September 5, 2020
Giant Cell Arteritis Clinical Features
Symptoms of Giant Cell Arteritis (GCA) can present as subacute, but abrupt presentations can occur in some patients. Many symptoms are nonspecific of GCA, but others can strongly suggest the presence of GCA.
Constitutional symptoms: Systemic symptoms are common and include fever, weight loss, malaise, and fatigue. Fevers are usually low grade, but in up to 15% of patients, the fevers can be high exceeding 102.2 degrees F and can lead to misdiagnosis of an infection.
Headache: Headaches in the temporal region is a common presentation of GCA. There is no defining characteristic of this headache except for tenderness of the scalp to touch. The critical factor in the diagnosis is that the headache is new. Headache is the chief complaint in most patients with GCA, but a Nurse Practitioner must elicit this information with direct questioning. Headaches in GCA can also be frontal, occipital, or generalized.
Jaw claudication: Nearly one-half of GCA patients experience jaw claudication. Sometimes trismus (commonly called lockjaw) can occur rather than fatigue of the mastication muscles. There are two striking features of jaw claudication: 1) rapid onset after the start of chewing and 2) the ensuing severity of pain. This significant symptom must be elicited by direct questioning since patients can fail to mention it during the history interview.
Transient visual loss (amaurosis fugax): Sometimes transient monocular (and rarely, binocular) impairment of vision can be an early manifestation of GCA. The transient monocular visual loss (TMVL) causes an abrupt partial field defect or temporary curtain effect in the vision field of one eye. Those with polymyalgia rheumatica (PMR) or GCA are sensitive to vision loss. When evaluating, inquire when the patient tries to cover each eye if explicit monocular visual loss occurs. If so, it heightens the concern for GCA.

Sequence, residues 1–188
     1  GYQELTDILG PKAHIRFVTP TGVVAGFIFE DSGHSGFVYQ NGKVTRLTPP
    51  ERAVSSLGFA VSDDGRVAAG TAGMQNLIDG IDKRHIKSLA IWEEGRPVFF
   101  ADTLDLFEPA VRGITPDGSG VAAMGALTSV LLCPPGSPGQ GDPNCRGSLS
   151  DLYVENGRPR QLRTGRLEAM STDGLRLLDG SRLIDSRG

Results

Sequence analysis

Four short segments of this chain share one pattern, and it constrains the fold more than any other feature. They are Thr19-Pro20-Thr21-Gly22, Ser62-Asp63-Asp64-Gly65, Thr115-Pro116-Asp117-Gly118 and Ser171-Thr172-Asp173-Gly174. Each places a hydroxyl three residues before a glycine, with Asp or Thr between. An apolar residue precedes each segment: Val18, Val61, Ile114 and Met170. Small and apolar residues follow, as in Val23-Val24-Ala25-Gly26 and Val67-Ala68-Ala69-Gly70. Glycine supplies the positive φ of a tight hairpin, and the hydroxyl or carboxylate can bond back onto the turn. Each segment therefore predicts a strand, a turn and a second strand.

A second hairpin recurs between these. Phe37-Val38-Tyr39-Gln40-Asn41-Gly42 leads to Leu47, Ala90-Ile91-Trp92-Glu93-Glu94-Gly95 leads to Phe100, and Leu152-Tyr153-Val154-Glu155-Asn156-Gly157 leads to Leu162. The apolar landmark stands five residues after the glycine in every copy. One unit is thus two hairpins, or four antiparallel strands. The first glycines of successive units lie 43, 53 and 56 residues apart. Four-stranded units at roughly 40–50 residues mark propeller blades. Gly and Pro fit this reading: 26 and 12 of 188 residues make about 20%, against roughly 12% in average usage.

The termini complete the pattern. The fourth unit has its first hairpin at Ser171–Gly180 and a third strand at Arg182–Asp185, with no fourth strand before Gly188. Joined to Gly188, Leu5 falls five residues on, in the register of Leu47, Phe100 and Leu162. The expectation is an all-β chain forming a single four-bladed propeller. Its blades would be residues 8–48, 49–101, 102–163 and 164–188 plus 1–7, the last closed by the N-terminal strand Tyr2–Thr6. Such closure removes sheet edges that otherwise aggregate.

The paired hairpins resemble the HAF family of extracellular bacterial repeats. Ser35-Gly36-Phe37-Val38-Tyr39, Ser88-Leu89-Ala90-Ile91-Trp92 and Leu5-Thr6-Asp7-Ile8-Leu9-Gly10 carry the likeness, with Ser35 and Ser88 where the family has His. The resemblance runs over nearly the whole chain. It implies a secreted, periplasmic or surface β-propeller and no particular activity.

Permanent vision loss: The most feared complication of GCA is permanent vision loss. The vision loss is usually painless and sudden, can be partial and complete and may be unilateral or bilateral. Vision loss in GCA is rarely reversible. If vision is intact after treatment with an adequate dose of glucocorticoids, the risk is virtually eliminated.
Labs that can be useful when assessing GCA include CBC, BMP, erythrocyte sedition rate (ESR), and C-reactive protein (CRP). A normochromic anemia can be present in GCA and can often be profound. Many patients can have a reactive throbocytosis. The leukocyte count is usually normal. Serum albumin is often moderately decreased at diagnosis but responds quickly to the start of glucocorticoids. Elevated alkaline phosphatase can occur. Lastly, a typical laboratory finding in GCA in many patients is elevated ESR (up to 100 mm/hour) and CRP. Although neither ESR or CRP is specific to GCA, they can help diagnosis the probability of the disease. The gold standard for diagnosis is temporal artery biopsy, but treatment should not be delayed while waiting on results.
Treatment for GCA is corticosteroids given on a daily basis. Prednisone (or its equivalent) should be started in the equivalent of 40-60 mg in a single daily dose. If potentially reversible symptoms persist or worsen, then the dose should be increased until symptomatic control is achieved.
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